The intersection of multiple sets

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This article compares several ways to find the elements that are common to multiple sets. I test which method is the fastest in the SAS/IML language. However, all algorithms are intrinsically fast, which raises an important question: when is it worth the time and effort to optimize an algorithm?

The idea for this topic came from reading a blog post by 'mikefc' at the "Cool but Useless" blog about the relative performance of various ways to intersect vectors in R. Mikefc used vectors that contained between 10,000 and 100,000 elements and whose intersection was only a few dozen elements. In this article, I increase the sizes of the vectors by an order of magnitude and time the performance of the intersection function in SAS/IML. I also ensure that the sets share a large set of common elements so that the intersection is sizeable.

The intersection of large sets

In general, finding the intersection between sets is a fast operation. In languages such as R, MATLAB, and SAS/IML, you can store the sets in vectors and use built-in functions to form the intersection. Because the intersection of two sets is always smaller than (or equal to) the size of the original sets, computing the "intersection of intersections" is usually faster than computing the intersection of the original (larger) sets.

The following SAS/IML program creates eight SAS/IML vectors that have between 200,000 and 550,000 elements. The elements in the vectors are positive integers, although they could also be character strings or non-integers. The vectors contain a large subset of common elements so that the intersection is sizeable. The vectors A, B, ..., H are created as follows:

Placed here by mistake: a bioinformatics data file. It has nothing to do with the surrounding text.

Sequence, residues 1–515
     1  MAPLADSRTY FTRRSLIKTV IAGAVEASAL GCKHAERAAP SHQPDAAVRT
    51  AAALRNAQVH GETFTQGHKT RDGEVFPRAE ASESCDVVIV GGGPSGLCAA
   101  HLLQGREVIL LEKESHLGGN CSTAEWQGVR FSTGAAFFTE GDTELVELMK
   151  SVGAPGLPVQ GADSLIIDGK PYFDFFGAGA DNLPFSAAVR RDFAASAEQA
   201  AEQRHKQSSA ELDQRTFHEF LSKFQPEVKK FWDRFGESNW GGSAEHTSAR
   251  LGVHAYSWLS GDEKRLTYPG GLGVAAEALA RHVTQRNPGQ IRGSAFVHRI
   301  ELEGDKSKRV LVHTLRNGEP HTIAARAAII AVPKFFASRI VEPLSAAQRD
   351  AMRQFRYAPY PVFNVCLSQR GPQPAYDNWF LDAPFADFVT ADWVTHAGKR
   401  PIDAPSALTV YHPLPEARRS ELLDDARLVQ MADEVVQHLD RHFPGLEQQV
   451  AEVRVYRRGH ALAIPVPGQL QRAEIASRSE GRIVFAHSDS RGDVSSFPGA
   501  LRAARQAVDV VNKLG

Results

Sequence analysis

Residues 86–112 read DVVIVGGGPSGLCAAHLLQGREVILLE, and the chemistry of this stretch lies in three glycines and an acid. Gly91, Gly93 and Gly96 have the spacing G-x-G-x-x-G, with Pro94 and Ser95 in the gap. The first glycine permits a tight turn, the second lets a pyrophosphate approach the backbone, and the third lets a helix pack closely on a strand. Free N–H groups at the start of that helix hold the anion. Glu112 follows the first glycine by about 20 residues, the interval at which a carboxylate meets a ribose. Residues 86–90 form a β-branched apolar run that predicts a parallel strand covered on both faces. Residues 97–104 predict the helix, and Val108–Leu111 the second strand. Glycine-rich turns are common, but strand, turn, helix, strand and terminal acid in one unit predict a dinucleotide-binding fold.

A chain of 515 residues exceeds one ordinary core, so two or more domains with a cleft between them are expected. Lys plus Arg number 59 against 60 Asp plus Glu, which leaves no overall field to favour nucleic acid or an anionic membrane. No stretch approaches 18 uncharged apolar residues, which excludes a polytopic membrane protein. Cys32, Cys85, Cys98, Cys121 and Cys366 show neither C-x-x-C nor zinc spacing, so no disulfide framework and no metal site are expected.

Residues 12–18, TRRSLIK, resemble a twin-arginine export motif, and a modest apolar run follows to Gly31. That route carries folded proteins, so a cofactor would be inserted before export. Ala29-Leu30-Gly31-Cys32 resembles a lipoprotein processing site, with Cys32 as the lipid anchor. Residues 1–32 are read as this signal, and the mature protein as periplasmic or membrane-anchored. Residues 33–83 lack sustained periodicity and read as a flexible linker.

proc iml;
call randseed(123);
NIntersect = 5e4; 
common = sample(1:NIntersect, NIntersect, "replace"); /* elements common to all sets */
 
source = 1:1e6;        /* elements are positive integers less than 1 million */
BaseN = 5e5;           /* approx magnitude of vectors (sets) */
A = sample(source,     BaseN, "replace") || common; /* include common elements */
B = sample(source, 0.9*BaseN, "replace") || common;
C = sample(source, 0.8*BaseN, "replace") || common;
D = sample(source, 0.7*BaseN, "replace") || common;
E = sample(source, 0.6*BaseN, "replace") || common;
F = sample(source, 0.5*BaseN, "replace") || common;
G = sample(source, 0.4*BaseN, "replace") || common;
H = sample(source, 0.3*BaseN, "replace") || common;

The intersection of these vectors contains about 31,600 elements. You can implement the following methods that find the intersection of these vectors:

  1. The XSECT function in SAS/IML accepts up to 15 arguments. You can therefore make a single call to find the intersection.
  2. If you have dozens or hundreds of sets to intersect, you can loop over the sets and call the XSECT function multiple times. (Recall that the VALUE function enables you to loop over the names of the sets and access the vectors by names.) For example, you can let W1 be the intersection of the first two sets, let W2 be the intersection of W1 with the third set, and so forth. Because the size of the intersection is typically smaller than the size of the sets, later intersections require less time to compute than earlier intersections. (Although I only implement pairwise intersections, you could conceivably intersect more than two sets at a time.)